Waking up alone, huh.
It wasn’t as though Amanda hadn’t half expected it. She didn’t want to die. Jason didn’t want to die. Their mutual interest in living automatically put them at odds, even if they didn’t acknowledge it out loud. Jason slipping away in the night was the best outcome, really.
It still hurt, no matter how much she tried to brush it off. With Jason gone, it was all the more difficult for Amanda to try and pretend that things were normal and okay. It kept occurring to her that she ought to start formulating some kind of long-term plan, and finding herself solo did nothing but reinforce that. Further proof came in the form of her total lack of desire to set foot outside in case she encountered some other fight or somebody else with a gun.
In the end, it was easier to pretend than to face reality.
Amanda had always been good at entertaining herself when the need arose. She amused herself for a couple hours by twirling her weapon like a baton, tossing it in a spin and seeing if she could catch it on the way down. She skated around the still-damp shower floor in her socks and mapped out games of chess in her head. She stumbled and bruised herself a bit thanks to the slippery floor and her wandering thoughts, but the interior of the shower building still felt far more secure than whatever lay beyond.
“Checkmate,” she mumbled to herself, spinning on the ball of one foot. She'd won yet another mental match against herself, her current winning streak a new record.
Every so often the face or name of someone she might have once played against at school surfaced, but she pushed them back down and didn’t wonder whether those former opponents were alive or dead. It was hard not to wonder about Jason especially, but she managed. She had always managed to not think too hard about the things that bothered her.
As evening fell, Amanda retreated to the cubicle she and Jason had previously slept in. She didn’t rest any more easily than she had the previous night, clutching her wooden club tight, but she did rest a bit and she rose early to take advantage of the quiet and to see if she could skate around some more even with the floor dry.
She could, it turned out, and she decided to go a step further and combine her makeshift baton-twirling with the movement. She had never been into drill teams or dance routines really, but she didn’t have anything better to do here, whatever some of her thoughts might have insisted to the contrary.
Amanda had just gotten to a pretty good part of her improvised skating/dancing/twirling routine, if she did say so herself, when a nearby speaker crackled to life again. The sudden noise made her jump in the middle of a turn, sending her off balance. Her socks slipped against the tile, and the next thing she knew she was pitching backwards to the floor.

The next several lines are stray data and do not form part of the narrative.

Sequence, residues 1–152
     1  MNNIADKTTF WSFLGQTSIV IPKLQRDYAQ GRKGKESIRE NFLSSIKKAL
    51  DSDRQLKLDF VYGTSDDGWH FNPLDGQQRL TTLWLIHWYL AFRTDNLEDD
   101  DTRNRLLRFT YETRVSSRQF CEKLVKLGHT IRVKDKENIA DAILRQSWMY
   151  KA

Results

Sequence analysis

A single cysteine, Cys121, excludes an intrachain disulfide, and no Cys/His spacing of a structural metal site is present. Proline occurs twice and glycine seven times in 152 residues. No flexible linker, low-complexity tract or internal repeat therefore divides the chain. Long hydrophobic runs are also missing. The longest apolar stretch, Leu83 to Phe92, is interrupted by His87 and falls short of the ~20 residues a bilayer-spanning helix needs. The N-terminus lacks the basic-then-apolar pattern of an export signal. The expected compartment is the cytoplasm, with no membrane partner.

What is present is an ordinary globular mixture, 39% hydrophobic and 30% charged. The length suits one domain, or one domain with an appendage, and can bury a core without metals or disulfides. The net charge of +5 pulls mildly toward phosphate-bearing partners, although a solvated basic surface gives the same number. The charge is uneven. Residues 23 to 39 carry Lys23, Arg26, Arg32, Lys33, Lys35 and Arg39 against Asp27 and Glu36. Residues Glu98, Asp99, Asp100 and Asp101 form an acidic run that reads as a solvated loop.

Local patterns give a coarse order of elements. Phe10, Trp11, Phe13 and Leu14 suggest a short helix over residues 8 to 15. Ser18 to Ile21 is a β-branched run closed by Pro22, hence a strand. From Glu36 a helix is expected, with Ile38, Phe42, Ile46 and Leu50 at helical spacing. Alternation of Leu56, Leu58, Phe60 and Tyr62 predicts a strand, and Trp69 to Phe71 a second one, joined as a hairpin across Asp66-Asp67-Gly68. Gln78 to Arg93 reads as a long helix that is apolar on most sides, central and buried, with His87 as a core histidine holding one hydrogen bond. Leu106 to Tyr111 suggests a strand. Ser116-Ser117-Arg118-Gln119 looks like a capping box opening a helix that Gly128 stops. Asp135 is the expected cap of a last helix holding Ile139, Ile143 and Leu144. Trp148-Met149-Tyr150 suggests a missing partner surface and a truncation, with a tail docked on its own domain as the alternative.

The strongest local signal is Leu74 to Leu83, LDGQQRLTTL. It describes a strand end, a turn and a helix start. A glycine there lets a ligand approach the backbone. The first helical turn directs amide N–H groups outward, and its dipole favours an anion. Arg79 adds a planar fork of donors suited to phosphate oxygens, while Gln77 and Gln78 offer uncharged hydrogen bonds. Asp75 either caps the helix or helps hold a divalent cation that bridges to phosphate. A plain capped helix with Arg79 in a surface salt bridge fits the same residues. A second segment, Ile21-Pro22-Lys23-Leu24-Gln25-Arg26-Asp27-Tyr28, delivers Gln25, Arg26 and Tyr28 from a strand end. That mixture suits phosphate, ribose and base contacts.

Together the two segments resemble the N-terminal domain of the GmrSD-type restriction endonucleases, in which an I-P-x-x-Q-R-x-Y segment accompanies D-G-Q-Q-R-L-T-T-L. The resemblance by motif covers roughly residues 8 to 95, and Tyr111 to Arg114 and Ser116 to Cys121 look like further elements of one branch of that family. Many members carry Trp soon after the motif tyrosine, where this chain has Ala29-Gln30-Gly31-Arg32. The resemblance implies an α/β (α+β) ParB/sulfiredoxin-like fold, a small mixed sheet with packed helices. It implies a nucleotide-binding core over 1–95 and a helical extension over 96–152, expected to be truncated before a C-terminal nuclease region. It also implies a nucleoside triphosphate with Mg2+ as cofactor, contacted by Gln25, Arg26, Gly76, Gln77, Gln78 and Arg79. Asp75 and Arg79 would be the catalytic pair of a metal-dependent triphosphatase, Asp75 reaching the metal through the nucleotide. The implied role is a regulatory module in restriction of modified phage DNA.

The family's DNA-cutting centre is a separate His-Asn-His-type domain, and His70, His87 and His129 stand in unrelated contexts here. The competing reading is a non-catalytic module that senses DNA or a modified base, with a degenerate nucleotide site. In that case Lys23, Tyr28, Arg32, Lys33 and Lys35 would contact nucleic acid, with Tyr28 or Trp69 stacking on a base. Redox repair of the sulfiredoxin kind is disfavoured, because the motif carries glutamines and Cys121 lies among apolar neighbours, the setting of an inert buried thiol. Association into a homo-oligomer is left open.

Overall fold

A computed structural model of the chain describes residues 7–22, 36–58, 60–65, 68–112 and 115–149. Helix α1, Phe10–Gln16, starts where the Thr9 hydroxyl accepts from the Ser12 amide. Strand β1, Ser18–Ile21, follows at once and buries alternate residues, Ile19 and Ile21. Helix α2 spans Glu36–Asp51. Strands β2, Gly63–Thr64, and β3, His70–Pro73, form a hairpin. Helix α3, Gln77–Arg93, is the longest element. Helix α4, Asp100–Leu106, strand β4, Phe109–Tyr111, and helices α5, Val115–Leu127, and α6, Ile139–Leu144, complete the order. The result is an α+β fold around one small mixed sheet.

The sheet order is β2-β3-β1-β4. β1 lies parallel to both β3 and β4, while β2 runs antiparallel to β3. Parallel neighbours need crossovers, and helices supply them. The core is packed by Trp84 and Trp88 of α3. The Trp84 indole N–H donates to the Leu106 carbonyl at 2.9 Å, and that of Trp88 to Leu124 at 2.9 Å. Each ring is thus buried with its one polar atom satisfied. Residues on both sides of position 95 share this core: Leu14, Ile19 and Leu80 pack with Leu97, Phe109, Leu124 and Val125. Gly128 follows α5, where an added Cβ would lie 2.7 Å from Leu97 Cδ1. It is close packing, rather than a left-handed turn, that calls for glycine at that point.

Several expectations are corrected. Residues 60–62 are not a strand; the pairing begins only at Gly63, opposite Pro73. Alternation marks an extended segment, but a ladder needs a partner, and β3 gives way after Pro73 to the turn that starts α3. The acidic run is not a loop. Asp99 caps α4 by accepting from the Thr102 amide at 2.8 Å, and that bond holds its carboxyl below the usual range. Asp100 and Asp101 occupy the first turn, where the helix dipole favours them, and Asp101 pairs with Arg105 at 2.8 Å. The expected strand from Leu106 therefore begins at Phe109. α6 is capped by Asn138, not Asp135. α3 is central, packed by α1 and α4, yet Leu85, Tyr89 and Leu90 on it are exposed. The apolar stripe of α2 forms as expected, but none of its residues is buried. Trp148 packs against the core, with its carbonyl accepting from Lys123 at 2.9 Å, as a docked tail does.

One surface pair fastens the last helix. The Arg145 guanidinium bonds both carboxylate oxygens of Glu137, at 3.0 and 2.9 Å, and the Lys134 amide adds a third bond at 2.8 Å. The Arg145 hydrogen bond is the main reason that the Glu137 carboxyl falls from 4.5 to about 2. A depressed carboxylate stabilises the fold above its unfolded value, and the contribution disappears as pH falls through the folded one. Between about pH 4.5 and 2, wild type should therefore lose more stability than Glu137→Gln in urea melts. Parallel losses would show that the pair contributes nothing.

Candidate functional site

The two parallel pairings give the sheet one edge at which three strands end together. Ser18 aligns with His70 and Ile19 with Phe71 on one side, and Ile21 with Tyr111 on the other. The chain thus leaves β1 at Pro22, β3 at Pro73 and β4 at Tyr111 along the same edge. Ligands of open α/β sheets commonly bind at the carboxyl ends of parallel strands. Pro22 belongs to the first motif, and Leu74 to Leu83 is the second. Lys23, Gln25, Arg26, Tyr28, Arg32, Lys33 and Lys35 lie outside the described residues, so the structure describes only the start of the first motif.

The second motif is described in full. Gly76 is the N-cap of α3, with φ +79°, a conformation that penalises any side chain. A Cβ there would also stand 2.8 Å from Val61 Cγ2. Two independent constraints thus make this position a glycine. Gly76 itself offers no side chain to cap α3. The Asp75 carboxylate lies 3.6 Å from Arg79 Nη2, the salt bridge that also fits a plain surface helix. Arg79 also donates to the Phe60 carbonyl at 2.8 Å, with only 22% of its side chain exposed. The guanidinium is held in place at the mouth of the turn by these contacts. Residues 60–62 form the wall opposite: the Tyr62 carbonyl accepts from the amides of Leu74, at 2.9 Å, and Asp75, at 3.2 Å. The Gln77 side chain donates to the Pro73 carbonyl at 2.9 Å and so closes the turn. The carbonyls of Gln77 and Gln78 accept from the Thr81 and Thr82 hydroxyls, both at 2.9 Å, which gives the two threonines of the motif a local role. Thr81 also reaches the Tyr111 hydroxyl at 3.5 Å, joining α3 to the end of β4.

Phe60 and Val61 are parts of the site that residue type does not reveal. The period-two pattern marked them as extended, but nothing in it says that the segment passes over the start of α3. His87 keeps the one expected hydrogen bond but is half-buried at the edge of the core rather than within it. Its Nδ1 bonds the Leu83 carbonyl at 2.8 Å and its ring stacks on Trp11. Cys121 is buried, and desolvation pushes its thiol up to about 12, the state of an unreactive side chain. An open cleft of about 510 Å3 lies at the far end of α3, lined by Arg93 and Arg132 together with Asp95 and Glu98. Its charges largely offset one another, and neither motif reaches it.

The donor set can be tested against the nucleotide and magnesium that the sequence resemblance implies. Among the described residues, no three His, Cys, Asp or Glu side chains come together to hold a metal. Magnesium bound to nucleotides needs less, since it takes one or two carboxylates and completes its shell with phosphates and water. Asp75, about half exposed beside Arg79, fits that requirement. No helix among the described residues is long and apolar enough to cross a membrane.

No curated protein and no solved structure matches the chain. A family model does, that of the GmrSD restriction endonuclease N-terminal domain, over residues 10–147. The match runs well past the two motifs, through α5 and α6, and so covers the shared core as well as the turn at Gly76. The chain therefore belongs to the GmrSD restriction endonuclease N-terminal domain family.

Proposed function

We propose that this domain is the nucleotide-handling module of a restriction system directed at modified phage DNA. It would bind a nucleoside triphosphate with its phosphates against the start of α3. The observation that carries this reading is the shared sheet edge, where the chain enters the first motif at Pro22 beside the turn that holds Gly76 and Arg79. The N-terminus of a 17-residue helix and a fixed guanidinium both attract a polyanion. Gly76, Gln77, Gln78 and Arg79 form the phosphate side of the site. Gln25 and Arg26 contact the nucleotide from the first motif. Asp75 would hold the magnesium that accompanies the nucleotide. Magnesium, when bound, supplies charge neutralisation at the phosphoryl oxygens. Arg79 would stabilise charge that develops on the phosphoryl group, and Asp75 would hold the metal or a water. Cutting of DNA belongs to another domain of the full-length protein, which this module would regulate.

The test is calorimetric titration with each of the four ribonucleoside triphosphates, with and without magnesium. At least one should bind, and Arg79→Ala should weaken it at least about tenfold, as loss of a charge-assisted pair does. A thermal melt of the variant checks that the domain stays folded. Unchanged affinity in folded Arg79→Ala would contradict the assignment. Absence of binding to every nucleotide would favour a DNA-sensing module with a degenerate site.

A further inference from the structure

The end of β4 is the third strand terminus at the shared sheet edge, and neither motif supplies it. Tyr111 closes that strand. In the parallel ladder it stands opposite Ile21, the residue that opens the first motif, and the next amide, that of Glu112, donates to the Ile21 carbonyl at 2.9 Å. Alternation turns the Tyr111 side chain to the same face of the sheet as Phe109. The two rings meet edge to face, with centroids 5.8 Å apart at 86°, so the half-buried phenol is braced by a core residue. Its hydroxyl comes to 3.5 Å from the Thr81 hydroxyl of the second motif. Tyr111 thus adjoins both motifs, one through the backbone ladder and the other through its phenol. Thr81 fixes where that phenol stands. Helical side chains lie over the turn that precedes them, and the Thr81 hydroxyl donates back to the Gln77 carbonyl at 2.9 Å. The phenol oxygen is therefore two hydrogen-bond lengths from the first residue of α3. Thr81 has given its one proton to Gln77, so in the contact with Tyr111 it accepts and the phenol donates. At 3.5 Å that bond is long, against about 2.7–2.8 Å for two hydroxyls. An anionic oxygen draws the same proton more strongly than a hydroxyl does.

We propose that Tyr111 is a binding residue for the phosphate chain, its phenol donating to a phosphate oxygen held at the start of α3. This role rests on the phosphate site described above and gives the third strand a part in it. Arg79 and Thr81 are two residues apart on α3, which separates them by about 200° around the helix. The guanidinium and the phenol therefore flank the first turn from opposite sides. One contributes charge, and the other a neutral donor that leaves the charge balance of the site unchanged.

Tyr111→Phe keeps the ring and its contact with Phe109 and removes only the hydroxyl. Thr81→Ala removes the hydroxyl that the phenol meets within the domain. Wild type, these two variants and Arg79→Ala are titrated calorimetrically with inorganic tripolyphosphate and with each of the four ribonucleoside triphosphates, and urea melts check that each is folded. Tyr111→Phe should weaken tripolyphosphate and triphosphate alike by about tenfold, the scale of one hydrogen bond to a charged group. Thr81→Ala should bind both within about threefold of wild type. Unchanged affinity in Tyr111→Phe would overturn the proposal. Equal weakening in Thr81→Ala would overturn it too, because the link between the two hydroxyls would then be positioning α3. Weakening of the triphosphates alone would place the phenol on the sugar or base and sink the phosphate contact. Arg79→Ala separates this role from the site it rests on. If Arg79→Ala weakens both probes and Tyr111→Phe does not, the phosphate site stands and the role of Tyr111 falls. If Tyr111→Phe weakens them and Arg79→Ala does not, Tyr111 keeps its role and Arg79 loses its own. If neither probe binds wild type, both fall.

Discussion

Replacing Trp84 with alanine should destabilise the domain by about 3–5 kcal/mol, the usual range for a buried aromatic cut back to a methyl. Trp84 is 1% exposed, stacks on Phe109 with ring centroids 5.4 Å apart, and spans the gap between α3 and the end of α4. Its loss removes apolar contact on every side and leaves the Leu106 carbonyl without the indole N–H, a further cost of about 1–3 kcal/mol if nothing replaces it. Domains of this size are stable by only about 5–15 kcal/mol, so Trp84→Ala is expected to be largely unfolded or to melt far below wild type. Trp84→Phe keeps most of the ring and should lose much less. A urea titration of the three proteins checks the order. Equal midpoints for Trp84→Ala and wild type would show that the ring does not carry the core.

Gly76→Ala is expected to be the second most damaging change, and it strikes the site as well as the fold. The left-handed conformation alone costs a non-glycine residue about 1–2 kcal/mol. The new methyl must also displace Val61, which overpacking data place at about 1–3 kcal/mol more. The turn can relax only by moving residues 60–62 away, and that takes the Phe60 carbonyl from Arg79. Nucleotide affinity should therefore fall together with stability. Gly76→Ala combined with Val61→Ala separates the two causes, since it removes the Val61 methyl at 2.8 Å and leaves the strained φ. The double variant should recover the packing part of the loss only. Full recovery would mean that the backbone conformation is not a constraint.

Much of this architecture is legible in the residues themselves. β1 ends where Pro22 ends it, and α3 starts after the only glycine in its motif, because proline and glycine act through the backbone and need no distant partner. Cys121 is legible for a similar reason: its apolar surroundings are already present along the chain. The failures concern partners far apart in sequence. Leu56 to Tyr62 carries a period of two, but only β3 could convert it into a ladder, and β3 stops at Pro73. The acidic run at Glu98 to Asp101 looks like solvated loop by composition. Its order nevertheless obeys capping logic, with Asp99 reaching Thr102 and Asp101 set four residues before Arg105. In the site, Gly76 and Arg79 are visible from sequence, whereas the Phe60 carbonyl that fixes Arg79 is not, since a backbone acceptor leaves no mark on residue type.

The back of her head painfully impacted the tile and the fall drove the breath from her lungs, and she was so surprised that once she could breathe again she couldn’t do anything but laugh at how ridiculous she must look, sprawled on the floor of some moldy old shower room. She laughed so long and hard that it started to take on a hysterical edge, but she was able to calm herself before her laughter gave way to tears, and that was a victory of sorts. Didn’t do much for her head, but small victories.
Amanda checked the back of her head for blood as she sat up and was satisfied to find none, but the sudden tumble was enough to put her off the spinning and jumping around for a while. She returned to the cubicle she had claimed, looking to have some food and water and to take a couple painkillers. Maybe she could try to sleep a bit more. She had missed most of the announcement in the confusion after her spill, and slept through the previous one too, leaving gaps in her knowledge of who was still alive and who was dangerous. Jason could be one, both, or none of the above, and she might have missed it. That thought was sobering enough to drive any lingering giggles out of her.
It was as it was, Amanda repeated to herself. She couldn’t do anything about it. The throbbing of her head, the ringing in her ears, and the heavy feeling in the pit of her stomach would stay no matter what she did. The best thing to do right now was to keep herself sane by blocking out as much of it as she could.
So that was what she did. She played more mental chess, played around with her weapon, and, above all else, she tried not to think about things outside her little world inside the cubicle. The painkillers didn’t seem to be doing much for her headache, so she took more. How many had she taken in the first place, again?
It didn’t matter. It was as it was. Her head hurting was just making it easier to not think at all, unpleasant as it felt to exert herself with a throbbing skull.
It was okay. It was okay. She would plan in the morning. Given enough time, she could come up with something that would put her a move ahead of anyone who wanted to cause her trouble. She was good at that, when she put her mind to it.
Amanda spent the rest of the day in solitude again, slowly but surely drifting into an easier, more comfortable sleep than she had been allowed the previous two nights. She took more painkillers just in case—didn’t want to wake up in the middle of things because her head was hurting—and she finally closed her eyes at some point in the afternoon. She wouldn’t open them again.
The darkness was comfortable.
G08 AMANDA WHITE: DECEASED